Chen v. United States of America

Filing 13

ORDER. For the reasons stated in the annexed memorandum and order, the petition for habeas corpus is DENIED. The Clerk of Court is respectfully directed to enter judgment and close this case. The Clerk of Court is respectfully directed to serve a copy of this order on the pro se petitioner and note service on the docket. Ordered by Judge Kiyo A. Matsumoto on 10/7/2016. (Jacobson, Jonathan)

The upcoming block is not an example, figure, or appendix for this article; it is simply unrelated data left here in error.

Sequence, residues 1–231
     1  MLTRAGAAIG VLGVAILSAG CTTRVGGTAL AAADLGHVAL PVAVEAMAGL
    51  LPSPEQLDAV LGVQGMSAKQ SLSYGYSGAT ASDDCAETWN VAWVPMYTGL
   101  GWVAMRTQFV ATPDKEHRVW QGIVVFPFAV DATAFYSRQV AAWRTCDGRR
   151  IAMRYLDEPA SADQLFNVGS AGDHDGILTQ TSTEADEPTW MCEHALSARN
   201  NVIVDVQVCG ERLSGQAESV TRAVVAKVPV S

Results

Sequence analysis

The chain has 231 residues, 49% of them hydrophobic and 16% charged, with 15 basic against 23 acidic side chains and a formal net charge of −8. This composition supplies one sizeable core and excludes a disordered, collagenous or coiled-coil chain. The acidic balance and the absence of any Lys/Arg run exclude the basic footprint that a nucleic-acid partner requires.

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UNITED STATES DISTRICT COURT EASTERN DISTRICT OF NEW YORK ---------------------------------X KUO CHEN, Petitioner, MEMORANDUM & ORDER 13-CV-3903 (KAM) -againstUNITED STATES OF AMERICA, Respondent. ---------------------------------X MATSUMOTO, United States District Judge: On October 11, 2013, petitioner, proceeding pro se, filed the instant habeas petition under 28 U.S.C. § 2255 challenging his convictions for extortion conspiracy and attempted extortion. For the reasons set forth below, the petition is DENIED. BACKGROUND The court assumes familiarity with the facts and history of this case, as set forth in earlier decisions. See United States v. Kuo Chen, No. 10-CR-671, 2011 WL 2708355, at *1–11 (E.D.N.Y. July 11, 2011) (providing description of trial testimony and evidence in denying petitioner’s post-trial motion for a judgment of acquittal); see also United States v. Shi Xing Dong et al., 513 F. App’x 70, 72-74 (2d Cir. 2013) (affirming petitioner’s conviction over challenges to the sufficiency of the evidence and the substantive reasonableness of his 108-month incarceratory sentence). The charges in this case stem from a plan devised by petitioner, Jiang Yan Hua (“Jiang”), and Shi Xing Dong (“Dong”) — who together operated the Lan Qi Bus Company (“Lan Qi”) — to force a rival bus service owned by De Mao Huang (“Huang”) out of business through violence witnesses were and Dong, intimidation. who cooperated The with government’s the chief government and provided detailed testimony about petitioner’s involvement in the offenses (Tr. 367-491), and Huang, who testified, inter alia, that petitioner, along with others, attacked him on June 21, 2010 (id. 177-269). On January 31, 2011, after a four-day trial, a jury convicted petitioner of conspiracy to extort and attempted extortion in violation of 18 U.S.C. §§ 1951(a) and 3551 et seq. (See No. 10-CR-671, ECF No. 96, Jury Verdict; Trial Transcript (“Tr.”) 715-16.) On October 11, 2013, petitioner timely filed the instant habeas petition. 1 (ECF No. 1, Petition (“Pet.”).) He also included a memorandum of law. (ECF No. 1, Memorandum of Law in Support of Motion (“Pet. Mem.”).) Because petitioner alleged ineffective Petitioner also filed a motion seeking leave to proceed in forma pauperis. Habeas petitions filed under 28 U.S.C. § 2255, however, do not require filing fees. See Rules Governing Section 2255 Proceedings for the United States District Courts, Rule 3, Advisory Committee Notes (“There is no filing fee required of a movant under these rules. This . . . is done to recognize specifically the nature of a § 2255 motion as being a continuation of the criminal case whose judgment is under attack.”); see also Rodriguez v. United States, No. 11-CV-163, 2012 WL 253330, at *2 (D. Conn. Jan. 26, 2012) (“[A] movant is not required to submit a filing fee when filing a petition pursuant to 28 U.S.C. § 2255.”). 1 2 assistance of counsel, the court directed both trial and appellate counsel to respond to petitioner’s claims. (ECF No. 4, Order to Show Cause.) Both subsequently filed affidavits. (ECF No. 5, Stuart J. Grossman Affidavit in Response to Order to Show Cause (“Grossman Aff.”); ECF No. 7, Benjamin B. Xue Affidavit in Response to Order to Show Cause (“Xue Aff.”).) The government subsequently filed a memorandum in opposition to the petition (ECF No. 8, Memorandum in Opposition to Petition (“Gov’t Mem.”)), to which petitioner replied. 2 (ECF No. 9, Reply to Government’s Opposition (“Pet. Reply”).) DISCUSSION “[L]egal representation violates the Sixth Amendment if it falls ‘below an objective standard of reasonableness' as indicated by ‘prevailing professional norms,’ and the defendant suffers prejudice as a result.” Chaldez v. United States, 133 S. Ct. 1103, 1107 (2013) (quoting Strickland v. Washington, 466 U.S. 668, 687–88, (1984)). “Recognizing the ‘tempt[ation] for a defendant to second-guess counsel's assistance after conviction or adverse sentence,’ the Court established that counsel should be ‘strongly presumed to have rendered adequate assistance and made Citations to page numbers in petitioner’s initial memorandum of law and his reply brief do not correspond to his own pagination because he did not include a page number on the first pages of the two documents. The court’s citations count the first page of his respective submissions as the first page of the document. 2 3 all significant decisions in the exercise of reasonable professional judgment.’” Cullen v. Pinholster, 563 U.S. 170, 189 (2011) (alteration in original) (quoting Strickland, 466 U.S. at 689, 690). Petitioner seeks habeas relief on four grounds that each arise from purported ineffective assistance of trial and appellate counsel. First, petitioner argues that counsel were ineffective for failing to challenge the admissibility of Dong’s testimony against him under Federal Rule of Evidence (“Fed. R. Evid.”) 801(d)(2)(E). (Pet. at 5-6.) Second, petitioner contends that counsel were instructions ineffective clarifying because that they “mere did not association” seek and jury “mere presence” could not support a conspiracy conviction. (Id. at 67.) Third, petitioner claims that counsel were ineffective for failing to impeach Huang concerning prior inconsistent testimony he gave to a grand jury. (Id. at 7-9.) Fourth, petitioner maintains that counsel were ineffective because they did not challenge a sentencing enhancement based on petitioner’s role in the offense. (Id. at 9-10.) The court addresses petitioner’s arguments in turn. I. Admissibility of Dong’s Testimony Petitioner first argues that Dong’s “post-arrest statements” were inadmissible under Fed. R. Evid. 801(d)(2)(E), which provides that a statement is not hearsay if it “is offered 4 against an opposing coconspirator party during and and . . . in was furtherance made of by the the party’s conspiracy.” Petitioner contends that because Dong’s “post-arrest statements” were made after the conspiracy had concluded, and were therefore not “in furtherance of the conspiracy,” Dong’s statements were not admissible against petitioner. (Pet. at 5-6; Pet. Mem. at 2-3; Pet. Reply at 2-3.) Fed. R. Evid. 801(d)(2)(E) applies to “out of court statements made by co-conspirators,” United States v. Marsh, No. 14-4352-CR, 2016 WL 1086355, at *2 (2d Cir. Mar. 21, 2016), not to testimony by co-conspirators at trial. Davis v. United States, No. 04-CV-0085, 2010 WL 3036984, at *1 (E.D.N.Y. July 30, 2010), provides a useful illustration of the distinction between out-ofcourt co-conspirator statements and co-conspirator trial testimony. In Davis, a habeas petitioner had been convicted of, inter alia, conspiracy to violate 18 U.S.C. § 1951. Id. The petitioner argued that his trial counsel was ineffective for failing to challenge the admissibility of an accomplice’s testimony against the petitioner under Fed. R. Evid. 801(d)(2)(E). Id. at *2. The accomplice, however, had testified at trial. Id. The court rejected petitioner’s claim, explaining that the claim defies comprehension. [The accomplice] testified in person, so 801(d)(2)(E) is not applicable to [the accomplice’s] “statements.” In any event, where the rule 5 applies, it authorizes admission, so how it might have been the source of a defense objection during [the accomplice’s] testimony is not readily apparent . . . . Id. Like the petitioner in Davis, the petitioner here misapprehends the applicability of Fed. R. Evid. 801(d)(2)(E) when the relevant co-conspirator testifies. Dong — pursuant to a cooperation agreement — testified at trial and was subject to cross-examination. (See Tr. 367-500.) The government did not seek to introduce any of Dong’s out-of-court statements. Any objection to Dong’s testimony on the basis of Fed. R. Evid. 801(d)(2)(E) would have been fruitless. Accordingly, petitioner’s trial and appellate attorneys were not ineffective for failing to challenge Dong’s testimony or statements under Fed. R. Evid. 801(d)(2)(E). See United States v. Mobile Materials, Inc., 881 F.2d 866, 871 (10th Cir. 1989) (“The direct testimony of a conspirator . . . describing his participation in the conspiracy and the actions of others is not hearsay, and the cases concerning co-conspirator hearsay under Rule 801(d)(2) are inapplicable.” (citation omitted)); see also United States v. Williams, 14 F. App’x 469, 474 (6th Cir. 2001) (“[Defendant] misunderstands the distinction between ‘non-hearsay’ admissions of co-conspirators as retold by witnesses on the stand and the direct testimony of co-conspirators.”); Debreus v. United 6 States, No. 03-CR-0474, 2012 WL 3686250, at *10 (D.S.C. Aug. 24, 2012) (“The petitioner’s co-conspirators testified directly, at trial, to their involvement, and the petitioner’s involvement, in the conspiracy. Rule 801(d)(2)(E) does not apply to the co- conspirators’ testimony at trial.”); McCullers v. United States, No. 07-CR-49, 2012 WL 1942068, at *8 (E.D. Va. May 29, 2012) (“Coconspirators . . . testified directly, at trial, to their and [defendant’s] involvement in the conspiracy; Rule 801(d)(2)(E) is not applicable to their testimony because it was given at trial.”). II. “Mere Association” and “Mere Presence” Charges Petitioner next argues that counsel should have requested that the court — in charging the jury on the law of conspiracy — provide instructions concerning “mere association” and “mere presence.” (Pet. at 6-8; Pet. Mem. at 4-5.) Petitioner alleges that Jiang and Dong had a “plan in motion months before petitioner was employed as a driver for Lan Qi Bus Company” and that he was merely a driver for Lan Qi. (Pet. Mem. at 4-5.) “Mere association with those implicated in an unlawful undertaking is not enough to prove knowing involvement” in a conspiracy. United States v. Lorenzo, 534 F.3d 153, 159 (2d Cir. 2008). Similarly, “‘a defendant’s mere presence at the scene of a criminal act or association with conspirators does not constitute intentional participation in the conspiracy, even if the defendant 7 has knowledge of the conspiracy.’” Id. at 159-60 (quoting United States v. Samaria, 239 F.3d 228, 235 (2d Cir. 2001)). “A conviction will not be overturned for refusal to give a requested charge . . . unless that requested instruction is legally correct, represents a theory of defense with basis in the record that would lead to acquittal, and the theory is not effectively presented elsewhere in the charge.” United States v. Han, 230 F.3d 560, 565 (2d Cir. 2000) (internal quotation marks, citation, and alterations omitted). If the court’s instruction conveys the “substance of a defendant’s request . . . the defendant has no cause to complain.” United States v. Taylor, 562 F.2d 1345, 1364 (2d Cir. 1977); see also Han, 230 F.3d at 565. First, the court in this case explicitly instructed the jury on “mere presence.” The court explained to the jury that “in the context of the conspiracy charge, I want to stress that merely being present at a place where criminal conduct is underway does not make a person a member of conspiracy to commit the crime.” (Tr. 670-71.) “In sum,” the court continued, “a defendant with an understanding of the unlawful character of the conspiracy must have intentionally agreed to, engaged in, advised or assisted in it for the purpose of furthering the illegal undertaking.” 3 (Id. 3 The court also explained, in charging the jury on the concept of aiding and abetting, that the “mere presence of a defendant where a crime is being committed, even coupled with knowledge by the defendant that a 8 672.) Petitioner’s counsel were therefore not deficient for failing to request a “mere presence” charge. See Matista v. United States, 885 F. Supp. 634, 638 (S.D.N.Y. 1995) (“[P]etitioner contends failed that to counsel make a was request ineffective that the because defense ‘trial theory counsel of “mere association” be read into the jury instructions.’ Petitioner’s contention is meritless for the simple reason that this Court did, in fact, charge the jury regarding the mere-association theory.”). Second, as to the “mere association” charge, although the court did not explicitly instruct the jury about “mere association” the court’s instructions adequately provided the jury with an understanding that “mere association” with individuals involved in conspiracy criminal activity conviction. Under was insufficient similar to circumstances, support in a United States v. Coppola, 671 F.3d 220, 247 (2d Cir. 2012), a defendant challenged a conspiracy conviction on the grounds that the district court failed to charge “mere association.” The Second Circuit upheld the conviction: Although the district court did not state in so many words that more than mere association with others engaged in criminal activity is necessary to support a conviction, it effectively conveyed that essential idea. In its conspiracy instruction, the court “stress[ed]” that “merely being present[ ] at a place where criminal crime is being committed or the mere acquiescence by a defendant in the criminal conduct of others, even with guilty knowledge, is not sufficient to establish aiding and abetting.” (Tr. 676.) 9 conduct is underway doesn’t make a person a member of a conspiracy” and that “the defendant must have participated with knowledge of at least some of the purposes or objectives of the conspiracy and with the intention of aiding in the accomplishment of its unlawful ends.” In its aiding and abetting instruction, the court stated that “the mere presence of a defendant where a crime is being committed, . . . even coupled with knowledge by the defendant that a crime is being committed, or the mere acquiescence by a defendant in the criminal conduct of others, even with guilty knowledge, is not sufficient” and that the jury must find that defendant “participate[d] in the crimes charged as something he wished to bring about.” Further, it conveyed that more than mere association was necessary to support conviction for substantive racketeering by its instruction that the jury must find that [the defendant] “played some part in the operation or management of the enterprise.” Thus, we identify no error warranting a new trial. Id. at 247-48 (citations omitted). The court’s instructions in this case strikingly resemble the instructions held to be adequate in Coppola, despite the absence of an explicit “mere association” charge regarding conspiracy. Aside from the instructions discussed above, the court also provided the following instruction about conspiracy in this case: “[T]he fact that a person without any knowledge that a crime is being committed, merely happens to act in a way that furthers the purposes or objectives of the conspiracy, does not make a person a member of the conspiracy. More is required under the law. What is required is that a defendant must have participated with knowledge that at least some of the purposes or objectives of the 10 conspiracy and with the intention of aiding in the accomplishment of those unlawful ends.” (Tr. 671.) The court conveyed the “substance of [the] defendant’s request,” Taylor, 562 F.2d at 1364, for a “mere association” charge. See Coppola, 671 F.3d at 247. Accordingly, petitioner’s contention that his counsel were ineffective for failing to raise an issue regarding “mere presence” and “mere association” charges is meritless. III. Adequacy of Cross-Examination of Huang Petitioner next argues that his trial and appellate counsel were ineffective for failing to attack the credibility of Huang, the victim of the assault. (Pet. at 7-9; Pet. Mem. at 56.) The government argues that petitioner’s trial counsel exhaustively cross-examined Huang and raised credibility issues, and petitioner’s appellate counsel notes that he “thoroughly attacked the credibility of Huang” in his briefing before the Second Circuit. 4 (Gov’t Mem. at 9-12; Xue Aff. at ¶ 6.) “The decision whether to engage in cross-examination, and if so to what extent and in what manner is generally viewed as a strategic decision left to the sound discretion of trial counsel.” Lavayen v. Duncan, 311 F. App’x 468, 471 (2d Cir. 2009) (internal quotation marks and citation omitted); United States v. Nersesian, 824 F.2d 1294, 1321 (2d Cir. 1987) (recognizing that 4 The case was not orally argued in the Second Circuit. 11 decision whether to cross-examine a witness, as well as the extent and manner of any cross-examination, is “strategic in nature”). When “there is no strategic or tactical justification for the course taken” on cross-examination, however, the court may conclude that counsel was ineffective. United States v. Luciano, 158 F.3d 655, 660 (2d Cir. 1998). In this case, Huang testified at trial that three men attacked him. (Tr. 218-20, 251.) Huang stated that he only saw the face of one of his attackers and identified that individual as petitioner. (Tr. 219, 226-27, 268-69, 272-73.) At a grand jury hearing in November 2010, however, Huang testified that he saw the faces of two of his three attackers. (See 3500-DMH-2; see also 3500-DMH-8; 3500-DMH-22; 3500-DMH-23; 3500-DMH-24; cf. Tr. 266.) Before the grand jury, Huang identified one of the two individuals whose faces he had seen as petitioner and the other as Zhen Pan. 5 (3500-DMH-2, at 9-10.) Pan was prosecuted in New York state court in part based on Huang’s identification, but the prosecution was apparently discontinued. (3500-DMH-2, 3500-DMH-8, Tr. 628.) During the trial, the government sought to pre-empt the issue of Huang’s inconsistent testimony. On direct examination, Notably, FBI records indicate that, “[a]ccording to Huang, Huang’s identification of [Zhen Pan] to the police was based on [Zhen Pan’s] body type (and not facial features) fitting the body type of one of his June 21, 2010 attackers.” (3500-DMH-24.) 5 12 Huang admitted that he had identified another individual as a perpetrator of the attack based on his “body type.” (Tr. 226-27.) On cross-examination, petitioner’s trial counsel took up Huang’s identification of Zhen Pan in detail: Q: You have also identified another individual besides Mr. Chen -- we’re not talking about him anymore -- as being part of this attack; is that correct? A: Yes. Q: And at some point in time, you came to know that man’s name as Zhen, Z H E N, second name Pan, P A N; correct? A: Yes. The police told me. Q: But you came to know that name? A: Yes. The police told me, so I know that name. Q: And you say that Mr. Zhen Pan is one of your three attackers; correct? A: Yes. Q: And you identified Mr. Zhen Pan based on his body type; correct? A: Yes. Q: You did not identify him based on his facial features; correct? A: Yes. Q: In fact, you testified before a grand jury in Kings County, Brooklyn State Court, on November 22 of 2010; correct? A: Yes. I went there. 13 Q: And you told us that as time has progressed, your memory of the incident is better than it was closer to the incident; correct? A: Because I can slowly think about the people that beat me, their looks -- their looks, their build, as I think about it slowly, I’m able to remember. Q: You told the grand jurors on November 22 of last year that a car pulled up and three people got out of the car; is that correct? A: I don’t remember exactly what it was. I remember having gone into this place and talked about it. Q: You just told us a couple of minutes ago that you identified Mr. Zhen Pan based on his body type and not his facial features; is that correct? A: Yes. Q: And did you tell the grand jury, on November 22, 2010, that you recognized the faces of two of the people who attacked you? A: I did not. Q: Do you recall being asked this question and giving this answer on page nine, line 21: “QUESTION: And did you have an opportunity to see the faces of any of these individuals? “ANSWER: After, when they run away, I saw two of their faces.” The question is, Mr. Huang: Do you recall giving that answer to that question before the Kings County grand jury on November 22, 2010. A: I do not remember that. I do remember having gone into court to talk about this. Q: How many of the faces of the individuals that attacked you did you see that night? A: I saw one. Q: So, when you told the grand jury you saw two, you were mistaken; is that correct? 14 A: I don’t know if that’s what I said. I don’t remember. [Defense Counsel]: Judge, I would like the government to stipulate that I have read an accurate question and answer from the grand jury testimony which was provided to me by the government in this case. [The Government]: So stipulated. THE COURT: All right. Thank you. [Defense Counsel]: Thank you. Q: So, based on your testimony in the grand jury, you identified Mr. Zhen Pan as one of your assailants; is that correct? A: Yes. (Tr. 264-66.) Petitioner’s trial counsel also addressed Huang’s identification of Zhen Pan during his closing argument: The final and I think most important reason Mr. Huang is mistaken about his identification of my client as a perpetrator is because of his identification of Zhen Pan as a perpetrator. Remember, Mr. Huang testified he identified Mr. Zhen Pan as the perpetrator based on his body type and not his facial features. How do you identify somebody in a criminal case based on their body type and not their facial features? How do you do that? He says he sees him driving at some point in time, maybe early November of 2010, has him arrested. That seems to be a pattern with Mr. Huang. I’ll get to that in a second. Mr. Huang has Mr. Pan prosecuted in state court Brooklyn by the Brooklyn DA’s Office down the block; IDs him in his testimony before a grand jury but we know Mr. Zhen 15 Pan is not part of this assault. According to Mr. Dong, these are the assaulters. We know the names, the true names of the first two people and we know the nicknames of perpetrators 3 and 4 according to Mr. Dong, but none of these resemble Pan. How do we know perpetrators 3 and 4 aren’t Zhen Pan? Because Mr. Dong was shown a photograph of Zhen Pan by Agent Wu and did not identify him as being one of the perpetrators. So, Mr. Huang prosecutes an innocent man believing he’s guilty. I’m not saying he did this maliciously or anything like that. He made a mistake and he made a mistake with my client also. (Id. 627-28.) Trial counsel appropriately used the discrepancies in Huang’s testimony to undermine his credibility, both on crossexamination and in closing argument. Further, although there were inconsistencies in Huang’s testimony before the grand jury and his testimony at trial, Huang consistently identified petitioner as one of his attackers at both proceedings and also testified in both proceedings that he had seen petitioner’s face. (3500-DMH-2, at 9-10; Tr. 219, 226-27, 268-69, 272-73.) Accordingly, trial counsel’s performance was not deficient with regard to his crossexamination of Huang. Petitioner’s appellate counsel also addressed Huang’s inconsistencies in his briefing before the Second Circuit. Petitioner’s appellate counsel argued that “other than Dong, the only person to identify [petitioner] as an attacker was Huang, who has made inconsistent identifications of individuals since the 16 alleged attack. . . . Huang identified an individual, Zhen Pan, as an attacker, even though it is undisputed Pan was not involved in the attack at all.” Brief for Petitioner at 9, United States v. Shi Xing Dong et al., 513 F. App’x 70 (2d Cir. 2013) (No. 114015), 2012 WL 3150916, at *9. Like petitioner’s trial counsel, petitioner’s appellate counsel recognized the discrepancies in Huang’s testimony and addressed them directly. Appellate counsel was therefore not deficient for failing to challenge Huang’s credibility on appeal. IV. Application of § 3B1.1(b) Role Enhancement Petitioner’s final argument is that his trial and appellate counsel were ineffective for failing to object to the court’s application of a sentencing enhancement for his role as a manager or supervisor under U.S.S.G. § 3B1.1(b). (Pet. at 4; Pet. Mem. at 6-7; Pet. Reply at 3-4.) Specifically, petitioner argues that: (1) there was insufficient evidence to establish his role as a manager or supervisor under § 3B1.1(b) and (2) the district court failed to make adequate factual findings to support its imposition of the enhancement. The court addresses petitioner’s arguments in turn. Applicability of the Role Enhancement Guideline § 3B1.1(b) provides that if “the defendant was a manager or supervisor (but not an organizer or leader) and the 17 criminal activity involved five or more participants or was otherwise extensive, increase [the offense level] by 3 levels.” A defendant may be considered a manager or supervisor under § 3B1.1(b) if he “exercised some degree of control over others involved in the commission of the offense or played a significant role in the decision to recruit or to supervise lower-level participants.” 6 United States v. Blount, 291 F.3d 201, 217 (2d Cir. 2002) (internal quotation marks, citation, and alterations omitted. Recruitment of even a single other individual to engage in criminal activity is sufficient to justify the imposition of a role enhancement under § 3B1.1. See United States v. Al–Sadawi, 432 F.3d 419, 427 (2d Cir. 2005). “The fact that other persons may play still larger roles in the criminal activity does not preclude a defendant from qualifying for a § 3B1.1(b) enhancement.” United States v. Hertular, 562 F.3d 433, 449 (2d Cir. 2009). Here, the role enhancement was properly applied. First, there was testimony that at least five individuals — Jiang, Dong, petitioner, and two other individuals (Ah Bui and Xing Xing) 7 — “Factors the court should consider include the exercise of decision making authority, the nature of participation in the commission of the offense, the recruitment of accomplices, the claimed right to a larger share of the fruits of the crime, the degree of participation in planning or organizing the offense, the nature and scope of the illegal activity, and the degree of control and authority exercised over others.” U.S.S.G. § 3B1.1 Application Note 4. 7 Petitioner himself is included in determining whether five individuals were involved in the criminal activity. See United States v. Paccione, 6 18 were involved in the conspiracy. (E.g., Tr. 382-83, 403-05.) Second, there was testimony that petitioner recruited Dong, Ah Bui, and Xing Xing petitioner recruited petitioner called into him Dong the to to conspiracy. start bring the Dong Dong bus testified business along each that and that time that petitioner attempted to attack Huang, including for the actual attack. (Id. 381-83, 398, 475.) After Dong expressed an unwillingness to participate in the beating that led to an aborted attempt, Dong testified that petitioner “called [Ah Bui]” — petitioner’s roommate — “and told him to come out” to participate in the attack on Huang. (Tr. 403-04, 421.) Dong also testified that petitioner called Xing Xing, a friend of petitioner’s, for assistance in the attack. 8 (Id. 404-05, 421.) The criminal activity involved five participants. Petitioner’s recruitment of each individual, standing alone, would justify the role enhancement. See Al-Sadawi, 432 F.3d at 427 (“Since the . . . role enhancement 202 F.3d 622, 625 (2d Cir. 2000) (“We hold that a defendant may properly be included as a participant when determining whether the criminal activity ‘involved five or more participants’ for purposes of a leadership role enhancement under § 3B1.1.”). 8 In addition, Huang testified that three individuals participated in his attack. (E.g., Tr. 219.) The government also introduced evidence that a phone recovered from petitioner listed Jiang and Dong’s phone numbers as contacts. (Tr. 515-16.) There were also a number of calls, before and after the attack, between an additional phone that likely belonged to petitioner and phones belonging to Jiang and Dong. (Tr. 52325, 528-30.) 19 would have been justified upon [defendant’s] recruitment of his father alone, the court was justified in imposing it.”). Even if petitioner were correct that Jiang was the “mastermind” behind the plan to attack Huang (Pet. Mem. at 7), such a finding would not preclude the imposition of a § 3B1.1(b) enhancement to petitioner’s sentence. See Hertular, 562 F.3d at 449 (“The fact that other persons may play still larger roles in the criminal activity does not preclude a defendant from qualifying for a § 3B1.1(b) enhancement.”); cf. United States v. Garcia, 936 F.2d 648, 656 (2d Cir. 1991) (“[E]ven if [the appellant’s codefendant] were an organizer, the district court would not be precluded from finding [appellant] to have been an organizer as well.”). Accordingly, no error arose from any failure to object to the § 3B1.1(b) enhancement. 9 Although petitioner’s trial counsel concedes that he did not object to the § 3B1.1(b) enhancement (Grossman Aff. at ¶ 6; see also No. 10-CR671, ECF No. 124, Defendant’s Sentencing Memorandum), petitioner’s appellate counsel did object to the enhancement. (Xue Aff. at ¶ 7.) In his initial brief before the Second Circuit, appellate counsel challenged the substantive reasonableness of his sentence. Appellate counsel argued that “[petitioner] was by no means the leader of the alleged conspiracy. In fact, [petitioner] was, at most, an accomplice or accessory, who has no apparent disposition to such alleged conduct, and was induced by the other alleged co-conspirators to participate.” Brief for Petitioner at 22, United States v. Shi Xing Dong et al., 513 F. App’x 70 (2d Cir. 2013) (No. 11-4015), 2012 WL 3150916, at *22. Appellate counsel more directly addressed the application of § 3B1.1(b) in his reply brief, arguing that Jiang was in fact the true organizer. Reply Brief for Petitioner at 1-2, United States v. Shi Xing Dong et al., 513 F. App’x 70 (2d Cir. 2013) (No. 11-4015), 2012 WL 5893995, at *1-2 (“Additionally, the three points added by the Court for being a manager in an offense that involved five or more people (U.S.S.G. 3B1.1(b)), is . . . 9 20 Factual Findings Supporting the Role Enhancement Petitioner’s argument that his counsel were ineffective for failing to challenge the adequacy of the court’s factual findings on the § 3B1.1(b) enhancement (see Pet. Mem. at 8; Pet. Reply at 2-3) is equally meritless. “A court must . . . make two specific factual findings before it can properly enhance a defendant’s offense level under § 3B1.1(a): (i) that the defendant was ‘an organizer or leader,’ and (ii) that the criminal activity either ‘involved five or more participants’ or ‘was otherwise extensive.’” United States v. Patasnik, 89 F.3d 63, 68 (2d Cir. 1996). To permit meaningful appellate review, the “district court must make specific factual findings to support the application of a sentencing enhancement, and in some cases may do so by explicitly adopting the factual findings set forth in the presentence report.” United States v. Russell, 513 F. App’x 67, 69 (2d Cir. 2013) (internal quotation marks and citation omitted); see also United States v. Espinoza, 514 F.3d 209, 212 (2d Cir. 2008) (“Our precedents are uniform in requiring a district court to make specific factual findings to support a sentence enhancement under U.S.S.G. § 3B1.1.” (internal quotation marks and citation omitted)). unwarranted.”). Petitioner, appellate counsel argued, “was an employee of the bus company and was not involved in any planning or conspiracy to obtain the victim’s business.” Id. at 1, 2012 WL 3150916, at *1. 21 The factual findings necessary to support a role enhancement need not be unduly exhaustive. In United States v. Escotto, 121 F.3d 81, 85-86 (2d Cir. 1997), for example, the court upheld the imposition of a 3B1.1(b) enhancement where the district court merely adopted the presentence investigation report’s findings that: (1) more than five participants were involved in the charged conspiracy and (2) the defendant’s “leadership role was demonstrated by the cooperating witnesses’ testimony that he supplied ‘leads’ for potential customers and that he, along with others, set up all three of the [fraudulent telemarketing] companies.” Id.; see also United States v. Thomas, 273 F. App’x 103, 104 (2d Cir. 2008) (holding that district court’s factual findings were sufficient where it stated on the record at sentencing that the defendant “had a number of people working for him as is set forth quite explicitly on the call reports, the transcripts of which I reviewed for this sentencing. . . . He says that quite specifically in the phone calls, and I find that he is an organizer or a leader”). In applying the enhancement in this case, the court stated: Now, with respect to Mr. Chen’s role in the offense: Because the defendant was a manager in the offense which involved five or more participants, in that he recruited others for the beating and distributed weapons and urged the other participants to engage in the beating, 22 pursuant to Advisory Guideline 3B1.1(b), the offense level is increased by three levels. 10 (Sent. Tr. 29.) The district court also recognized at sentencing that although petitioner “has said today that Mr. Jiang may have been the initial person who recruited and gave him marching orders, [petitioner] played an active role in managing other participants in the beating, recruiting those participants and directed that they beat Mr. Huang when the opportunity arose.” (Id. 39.) The court provided adequate reasons to substantiate application of the enhancement. As discussed earlier (see supra pp. 18-19), there was no confusion or serious dispute regarding the number of participants. (See Grossman Aff. at ¶ 6 (“Dong testified that Chen recruited him, ‘Ah Bui’ and ‘Xing Xing’ to assault Huang. Since Yan Hua Jiang was also a member of the conspiracy, there was no rational basis to challenge the 3-level enhancement under U.S.S.G. § 3B1.1(b).”).) Compare, e.g., United States v. Lanese, 890 F.2d 1284, 1294 (2d Cir. 1989) (remanding where there was a lack of clarity surrounding which individuals The Probation Department’s presentence investigation report recommended a three-level increase on essentially the same grounds: “The defendant recruited three others for the beating, distributed the weapons amongst the participants, and instructed them on when to meet and what to do. Per Guideline 3B1.1(b), the offense level is increased by 3 levels, as the defendant was a manager in the offense, which involved five or more participants.” (Presentence Investigation Report, at 9.) The court did not, however, explicitly adopt the report. 10 23 the district court considered “participants” for purposes of a § 3B1.1(b) enhancement). As to the “manager or supervisor” finding, the district court’s findings that petitioner “recruited others for the beating,” “distributed weapons,” “urged the other participants to engage in the beating,” “directed that [others] beat Mr. Huang when the opportunity arose,” and “played an active role in managing other participants in the beating” were more than sufficient to justify the enhancement. (Sent. Tr. 29, 39.) See Escotto, 121 F.3d at 85-86; see also United States v. Eyman, 313 F.3d 741, 745 (2d Cir. 2002) (affirming where district court adopted presentence investigation report’s findings that the defendant “was the leader of a fraudulent scheme and that more than five participants were involved”). Accordingly, petitioner’s counsel were not deficient for failing to challenge the § 3B1.1(b) sentencing enhancement. For all of the foregoing reasons the court finds that petitioner’s trial and appellate counsels’ conduct, measured by an “objective standard of reasonableness,” was not deficient and did not undermine the proper functioning of the adversarial process. See Strickland, 466 U.S. at 686-88. 24 CONCLUSION For the reasons stated above, the petition for habeas corpus is DENIED. The Clerk of Court is respectfully directed to enter judgment and close this case. SO ORDERED. Dated: October 7, 2016 Brooklyn, New York _________/s/_________________ KIYO A. MATSUMOTO United States District Judge Eastern District of New York 25